A study of the effects of post-mating progesterone supplementation on the reproductive performance in the ewe : a thesis presented in partial fulfilment of the requirements for the degree of Master of Agricultural Science in animal science at Massey University
The aim of this study was to investigate the effects of post-mating progesterone supplementation, in the form of CIDRs, on the reproductive performance in recently mated ewes. The effect of two nutrition treatments were also examined by feeding two different pasture allwances to these ewes during a two week period immediately folliwing a synchronized mating.
Two hundred and thirty four Border Leicester X Romney first cross ewes, compresed of 130 mixed-age ewes (3-8 years) and 104 two-tooth (maiden) ewes were flushed on increasing pasture allowance prior to joining. These ewes were naturally mated at a synchronized oestrus following a 13 day CIDR treatment period. During the three days following CIDR withdrawal, 88.0% of the ewes were mated. The mixed-age ewes came into oestrus significantly earlier that the two-tooth ewes (P < 0.001). There was a significant linear relationship between liveweight and onset of oestrus (P < 0.05), with the heavier two-tooth ewes coming on oestrus earlier than the lighter two-tooth ewes. This was not apparent in the mixed-age ewes.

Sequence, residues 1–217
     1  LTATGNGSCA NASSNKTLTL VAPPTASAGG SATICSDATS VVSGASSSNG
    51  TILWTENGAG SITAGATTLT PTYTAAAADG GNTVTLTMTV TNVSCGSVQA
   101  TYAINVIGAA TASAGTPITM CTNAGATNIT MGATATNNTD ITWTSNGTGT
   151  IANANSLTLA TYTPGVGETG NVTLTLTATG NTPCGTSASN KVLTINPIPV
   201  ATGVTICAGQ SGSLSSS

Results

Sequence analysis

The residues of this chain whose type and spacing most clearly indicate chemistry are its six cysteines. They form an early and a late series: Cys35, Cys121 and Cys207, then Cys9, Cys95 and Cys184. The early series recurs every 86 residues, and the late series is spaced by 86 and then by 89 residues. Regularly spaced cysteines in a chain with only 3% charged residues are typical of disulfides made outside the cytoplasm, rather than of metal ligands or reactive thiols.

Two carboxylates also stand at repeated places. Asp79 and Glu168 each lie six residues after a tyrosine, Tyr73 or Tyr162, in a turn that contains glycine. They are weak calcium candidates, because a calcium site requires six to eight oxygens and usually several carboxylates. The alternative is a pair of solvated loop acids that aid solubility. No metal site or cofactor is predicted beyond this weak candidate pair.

On Day 2 following mating, ewes were randoaly divided into
either the high or low pasture allowance levels. Pasture allowance
levels were monitored using an Ellinbank Pasture Meter (EPM). Levels
of feed intake were estimated for a random sample of 20 ewes both
before and after mating through the use of intraruminal chromium
releasing devices (CRDs). Sward heights (representing quantity),
botanical composition and in vitro digestibilities (representing quality)
were recorded for both the flushing and the post-mating period.
This information led to the estimation of voluntary herbage intakes during the flushing period (Period I) of 1.2 M, while the intake levels of the ewes following the mating (Period II) were calculated to be approximately 1.6 M and 1.0 M for the high and low pasture allowance levels, respectively.